Kirkus Reviews 2013 July #2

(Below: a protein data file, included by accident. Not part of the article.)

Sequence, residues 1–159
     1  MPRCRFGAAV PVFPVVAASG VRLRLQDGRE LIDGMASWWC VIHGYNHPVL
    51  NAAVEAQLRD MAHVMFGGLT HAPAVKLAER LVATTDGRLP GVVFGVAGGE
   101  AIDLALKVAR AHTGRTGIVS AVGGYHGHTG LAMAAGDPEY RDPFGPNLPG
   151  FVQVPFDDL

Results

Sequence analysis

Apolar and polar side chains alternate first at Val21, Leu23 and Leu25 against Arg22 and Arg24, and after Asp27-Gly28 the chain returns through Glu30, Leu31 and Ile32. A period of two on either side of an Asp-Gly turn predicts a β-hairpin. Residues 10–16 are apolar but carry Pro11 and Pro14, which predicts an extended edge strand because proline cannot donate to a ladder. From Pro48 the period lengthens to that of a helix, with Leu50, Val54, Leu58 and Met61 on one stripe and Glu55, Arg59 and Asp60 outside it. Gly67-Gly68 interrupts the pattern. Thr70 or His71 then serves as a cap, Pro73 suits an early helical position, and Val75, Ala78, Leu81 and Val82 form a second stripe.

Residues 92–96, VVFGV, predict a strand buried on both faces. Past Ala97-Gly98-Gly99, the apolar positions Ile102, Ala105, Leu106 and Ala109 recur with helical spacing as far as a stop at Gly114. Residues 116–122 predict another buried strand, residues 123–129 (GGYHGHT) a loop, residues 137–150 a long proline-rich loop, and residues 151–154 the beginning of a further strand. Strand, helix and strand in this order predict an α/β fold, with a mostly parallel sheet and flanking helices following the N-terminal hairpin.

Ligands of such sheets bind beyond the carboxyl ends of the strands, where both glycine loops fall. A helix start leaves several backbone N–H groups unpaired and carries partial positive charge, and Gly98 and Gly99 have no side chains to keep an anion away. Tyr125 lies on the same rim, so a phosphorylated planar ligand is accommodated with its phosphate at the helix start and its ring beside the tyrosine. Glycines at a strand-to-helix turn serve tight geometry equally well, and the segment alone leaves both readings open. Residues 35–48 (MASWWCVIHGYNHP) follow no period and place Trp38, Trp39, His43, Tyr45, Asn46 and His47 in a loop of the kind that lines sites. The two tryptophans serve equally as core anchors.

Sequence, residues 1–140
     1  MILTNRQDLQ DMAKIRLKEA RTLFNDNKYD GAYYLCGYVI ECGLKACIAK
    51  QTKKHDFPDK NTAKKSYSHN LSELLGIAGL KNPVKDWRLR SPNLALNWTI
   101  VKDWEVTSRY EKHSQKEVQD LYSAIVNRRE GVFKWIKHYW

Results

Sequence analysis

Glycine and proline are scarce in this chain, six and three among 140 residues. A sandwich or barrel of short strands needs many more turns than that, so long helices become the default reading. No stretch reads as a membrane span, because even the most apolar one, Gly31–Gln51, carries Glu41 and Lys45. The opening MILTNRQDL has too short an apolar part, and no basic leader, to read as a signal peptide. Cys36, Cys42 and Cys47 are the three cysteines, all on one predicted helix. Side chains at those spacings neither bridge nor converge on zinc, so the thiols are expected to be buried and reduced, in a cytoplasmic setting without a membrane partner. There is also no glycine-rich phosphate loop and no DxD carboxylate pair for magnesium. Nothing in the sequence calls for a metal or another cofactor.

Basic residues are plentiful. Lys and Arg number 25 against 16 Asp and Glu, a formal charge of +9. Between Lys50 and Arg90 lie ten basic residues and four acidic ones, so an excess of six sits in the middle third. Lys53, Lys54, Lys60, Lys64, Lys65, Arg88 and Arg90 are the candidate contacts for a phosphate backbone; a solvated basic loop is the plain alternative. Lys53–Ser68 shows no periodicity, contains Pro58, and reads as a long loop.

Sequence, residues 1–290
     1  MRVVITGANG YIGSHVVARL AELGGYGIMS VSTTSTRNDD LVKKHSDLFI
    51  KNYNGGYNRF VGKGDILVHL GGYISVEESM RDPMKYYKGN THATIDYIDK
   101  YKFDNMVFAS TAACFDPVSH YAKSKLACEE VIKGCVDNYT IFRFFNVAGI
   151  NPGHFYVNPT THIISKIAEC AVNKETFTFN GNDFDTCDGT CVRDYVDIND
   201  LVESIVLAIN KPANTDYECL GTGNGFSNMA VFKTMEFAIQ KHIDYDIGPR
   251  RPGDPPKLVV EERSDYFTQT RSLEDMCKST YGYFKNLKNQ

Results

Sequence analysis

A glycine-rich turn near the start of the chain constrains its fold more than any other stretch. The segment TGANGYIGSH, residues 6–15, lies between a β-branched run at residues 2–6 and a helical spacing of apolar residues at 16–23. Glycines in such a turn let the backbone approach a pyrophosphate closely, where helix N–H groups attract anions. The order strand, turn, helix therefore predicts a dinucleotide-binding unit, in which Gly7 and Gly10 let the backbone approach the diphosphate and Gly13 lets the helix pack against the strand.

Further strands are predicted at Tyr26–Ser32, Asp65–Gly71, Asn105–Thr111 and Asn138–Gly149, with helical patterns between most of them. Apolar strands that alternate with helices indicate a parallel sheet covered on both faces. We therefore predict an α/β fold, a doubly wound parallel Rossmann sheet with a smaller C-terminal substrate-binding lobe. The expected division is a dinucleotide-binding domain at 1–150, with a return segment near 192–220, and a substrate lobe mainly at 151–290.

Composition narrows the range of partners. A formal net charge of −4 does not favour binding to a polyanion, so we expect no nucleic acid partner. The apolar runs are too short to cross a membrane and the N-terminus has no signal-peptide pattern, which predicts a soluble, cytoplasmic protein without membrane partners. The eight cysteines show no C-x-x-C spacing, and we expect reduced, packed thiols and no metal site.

Tan, who made her name with The Joy Luck Club (1989), blends two favorite settings, Shanghai and San Francisco, in a tale that spans generations. Granted that courtesans and the places that sheltered them were (and in some places still are) culturally significant in East Asia, Tan takes what might seem an unnecessary risk by setting her latest novel in that too-familiar demimonde (Miss Saigon, Memoirs of a Geisha, etc.). Tan is a skilled storyteller, capable of working her way into and out of most fictional problems, but the reader will be forgiven a sinking feeling at the scenario with which she opens, featuring "the only white woman who owned a first-class courtesan house in Shanghai." Where are the Boxers when you need them? Said white woman, Lulu Minturn, aka Lulu Mimi, is in Shanghai for a reason--and on that reason hinges a larger conceit, the one embodied by the book's title. She has a daughter, and the daughter, naturally enough, has cause to wonder about her ancestry, if little time to worry overmuch about some of the details, since her mom leaves her to fend for herself, not entirely willingly. The chinoiserie and exoticism aside, Violet makes a tough and compelling character, a sort of female equivalent to Yul Brynner as played by Lucy Liu. The members of the "Cloud Beauties," who give Violet her sentimental education, make an interesting lot themselves, but most of the attention is on Violet and the narrative track that finds her on a parallel journey, literally and figuratively, always haunted by "those damned paintings that had belonged to my mother" and that will eventually reveal their secrets. Tan's story sometimes suffers from longueurs, but the occasional breathless, steamy scene evens the score: "He lifted my hips and my head soared and I lost all my senses except for the one that bound us and could not be pulled apart." A satisfyingly complete, expertly paced yarn. Copyright Kirkus 2013 Kirkus/BPI Communications.All rights reserved.